Paul also talks about “making no provision for the flesh” and he makes references to our bodies as “temples unto the Lord” (the implication being “take care of it!”) (Rom 13, 1 Cor 10)
A clear picture of gluttony in action is of the Israelites when wandering in the wilderness after being rejected from the promise land. In Numbers 11, we see the people of Israel complaining about God’s provision of manna. They want something better. They want meat! God gives them a TON of quail and the people get greedy and gather it up and begin to gorge themselves on it. God then strikes down those who gave in to their craving. The name of the place it occurs is called “graves of craving.”
What is the difference between feasting and gluttony?
Here’s what I think.
Feasting is a specific, planned celebration for the purpose of rejoicing over a specific person, event, or both.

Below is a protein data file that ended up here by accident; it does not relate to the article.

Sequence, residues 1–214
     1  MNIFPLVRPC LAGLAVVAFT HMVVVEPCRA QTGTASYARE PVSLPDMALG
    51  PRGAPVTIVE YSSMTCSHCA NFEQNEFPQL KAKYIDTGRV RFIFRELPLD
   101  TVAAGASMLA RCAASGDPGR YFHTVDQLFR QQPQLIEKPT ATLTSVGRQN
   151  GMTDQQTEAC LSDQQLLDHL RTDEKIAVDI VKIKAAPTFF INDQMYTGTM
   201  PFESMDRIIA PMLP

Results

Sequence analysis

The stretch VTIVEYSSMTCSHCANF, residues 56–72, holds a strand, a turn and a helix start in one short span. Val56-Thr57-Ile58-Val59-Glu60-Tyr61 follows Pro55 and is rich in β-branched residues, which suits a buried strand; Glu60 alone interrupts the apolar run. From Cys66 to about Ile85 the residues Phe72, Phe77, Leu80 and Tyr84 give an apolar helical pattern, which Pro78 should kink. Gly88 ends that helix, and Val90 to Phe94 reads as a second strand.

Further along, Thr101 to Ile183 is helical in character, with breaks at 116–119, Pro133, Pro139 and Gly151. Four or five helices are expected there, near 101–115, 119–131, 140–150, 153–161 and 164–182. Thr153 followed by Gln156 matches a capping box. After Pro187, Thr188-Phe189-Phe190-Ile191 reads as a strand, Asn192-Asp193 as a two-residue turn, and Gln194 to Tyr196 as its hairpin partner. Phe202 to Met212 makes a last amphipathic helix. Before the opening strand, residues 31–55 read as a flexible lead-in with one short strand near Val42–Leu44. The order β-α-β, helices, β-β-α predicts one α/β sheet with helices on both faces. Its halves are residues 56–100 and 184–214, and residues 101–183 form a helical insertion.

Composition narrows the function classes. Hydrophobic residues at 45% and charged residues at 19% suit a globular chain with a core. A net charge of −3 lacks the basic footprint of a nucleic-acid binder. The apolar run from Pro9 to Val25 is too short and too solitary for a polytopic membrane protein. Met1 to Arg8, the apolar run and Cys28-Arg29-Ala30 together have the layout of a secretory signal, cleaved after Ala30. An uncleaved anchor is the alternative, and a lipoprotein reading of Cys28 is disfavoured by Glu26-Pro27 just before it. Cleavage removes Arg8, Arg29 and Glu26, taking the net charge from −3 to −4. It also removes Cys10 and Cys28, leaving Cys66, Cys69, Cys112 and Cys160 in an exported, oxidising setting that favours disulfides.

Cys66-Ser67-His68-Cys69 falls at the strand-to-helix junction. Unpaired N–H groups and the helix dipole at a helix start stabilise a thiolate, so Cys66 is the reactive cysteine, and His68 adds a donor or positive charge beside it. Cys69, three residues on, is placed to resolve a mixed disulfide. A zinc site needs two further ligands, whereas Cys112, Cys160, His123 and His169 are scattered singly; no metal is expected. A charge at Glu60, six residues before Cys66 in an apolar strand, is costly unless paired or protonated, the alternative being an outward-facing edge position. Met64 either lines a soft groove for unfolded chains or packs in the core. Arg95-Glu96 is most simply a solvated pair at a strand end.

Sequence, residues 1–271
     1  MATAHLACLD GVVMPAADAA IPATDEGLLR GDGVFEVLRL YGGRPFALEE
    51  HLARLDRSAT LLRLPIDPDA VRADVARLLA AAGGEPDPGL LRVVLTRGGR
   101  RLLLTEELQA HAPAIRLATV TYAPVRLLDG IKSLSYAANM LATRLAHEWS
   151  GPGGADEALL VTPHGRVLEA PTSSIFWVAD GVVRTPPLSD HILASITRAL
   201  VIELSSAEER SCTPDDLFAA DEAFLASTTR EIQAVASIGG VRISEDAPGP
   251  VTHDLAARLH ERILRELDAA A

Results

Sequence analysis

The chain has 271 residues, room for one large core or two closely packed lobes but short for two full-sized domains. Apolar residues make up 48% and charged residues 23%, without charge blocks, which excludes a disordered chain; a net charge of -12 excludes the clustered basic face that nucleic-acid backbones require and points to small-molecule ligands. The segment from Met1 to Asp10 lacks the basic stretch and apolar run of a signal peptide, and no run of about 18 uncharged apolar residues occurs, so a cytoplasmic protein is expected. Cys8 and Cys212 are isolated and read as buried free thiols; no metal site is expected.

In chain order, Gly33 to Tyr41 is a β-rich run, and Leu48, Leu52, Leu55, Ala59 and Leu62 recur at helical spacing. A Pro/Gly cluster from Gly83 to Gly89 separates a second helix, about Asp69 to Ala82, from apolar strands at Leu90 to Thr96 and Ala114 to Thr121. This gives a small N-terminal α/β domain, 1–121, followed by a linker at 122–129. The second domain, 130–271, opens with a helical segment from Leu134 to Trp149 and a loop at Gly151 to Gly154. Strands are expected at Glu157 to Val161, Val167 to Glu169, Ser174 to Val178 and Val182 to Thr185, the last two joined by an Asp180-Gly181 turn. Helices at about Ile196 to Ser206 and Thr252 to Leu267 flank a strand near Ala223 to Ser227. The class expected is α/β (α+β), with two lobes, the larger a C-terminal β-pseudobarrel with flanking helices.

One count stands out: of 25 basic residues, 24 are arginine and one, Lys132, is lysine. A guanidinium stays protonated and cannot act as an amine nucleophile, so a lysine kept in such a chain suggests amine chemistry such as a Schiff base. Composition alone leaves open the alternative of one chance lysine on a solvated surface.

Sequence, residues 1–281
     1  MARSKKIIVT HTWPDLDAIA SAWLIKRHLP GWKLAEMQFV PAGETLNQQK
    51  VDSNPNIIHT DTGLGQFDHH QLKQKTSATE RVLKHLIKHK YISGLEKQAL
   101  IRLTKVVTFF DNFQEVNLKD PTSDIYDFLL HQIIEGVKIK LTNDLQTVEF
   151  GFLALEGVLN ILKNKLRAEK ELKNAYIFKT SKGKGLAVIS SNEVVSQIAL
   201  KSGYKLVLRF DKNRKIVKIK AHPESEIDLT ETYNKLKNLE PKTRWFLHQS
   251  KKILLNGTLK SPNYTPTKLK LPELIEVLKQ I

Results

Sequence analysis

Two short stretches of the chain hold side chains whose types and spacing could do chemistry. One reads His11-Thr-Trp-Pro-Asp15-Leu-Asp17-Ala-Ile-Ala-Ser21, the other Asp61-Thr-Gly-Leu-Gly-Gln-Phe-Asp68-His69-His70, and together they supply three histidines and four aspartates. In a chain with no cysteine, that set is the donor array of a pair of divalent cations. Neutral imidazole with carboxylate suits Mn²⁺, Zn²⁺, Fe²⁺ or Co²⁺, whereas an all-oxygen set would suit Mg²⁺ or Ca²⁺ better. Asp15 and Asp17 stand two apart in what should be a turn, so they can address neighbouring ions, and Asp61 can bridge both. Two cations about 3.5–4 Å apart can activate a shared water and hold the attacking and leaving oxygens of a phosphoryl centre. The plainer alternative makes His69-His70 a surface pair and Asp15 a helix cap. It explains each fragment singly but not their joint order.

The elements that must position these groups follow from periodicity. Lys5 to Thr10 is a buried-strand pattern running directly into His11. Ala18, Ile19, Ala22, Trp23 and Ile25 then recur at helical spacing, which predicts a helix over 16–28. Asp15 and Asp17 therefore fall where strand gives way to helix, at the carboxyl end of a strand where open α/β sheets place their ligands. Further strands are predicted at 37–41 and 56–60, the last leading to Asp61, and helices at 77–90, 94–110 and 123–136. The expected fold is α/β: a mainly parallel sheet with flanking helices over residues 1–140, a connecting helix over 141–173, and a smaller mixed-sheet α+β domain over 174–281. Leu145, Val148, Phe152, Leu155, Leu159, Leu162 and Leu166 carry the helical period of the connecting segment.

The qualities that make feasting what it is are camaraderie, celebration, and unity. The point of feasting is to selflessly rejoice over the workings of another. In the process, particular pleasures are applied in a proper context: eating, drinking, friendship, and good conversation. These simple pleasures add to the feasting experience without altering the feast’s intent.
Love is expressed in a feast. Love for one another and for God.
While we, the individuals feasting, get to experience the pleasure of eating, it is not for the express purpose of experiencing that pleasure, but for the purpose of bolstering the joy that comes with true community.
Gluttony, on the other hand, is the misapplication or over-indulgence of the pleasure of eating.
There is no love in gluttony; there is only lust.
Gluttony is inward focused, set on abusing the pleasure, even to the point that it is no longer pleasurable. Gluttony is usually a solitary act, allowing the focus to be on the self, not on others. Gluttony allows a specific pleasure (eating) to dominate the will and replace God as the true master in one’s life.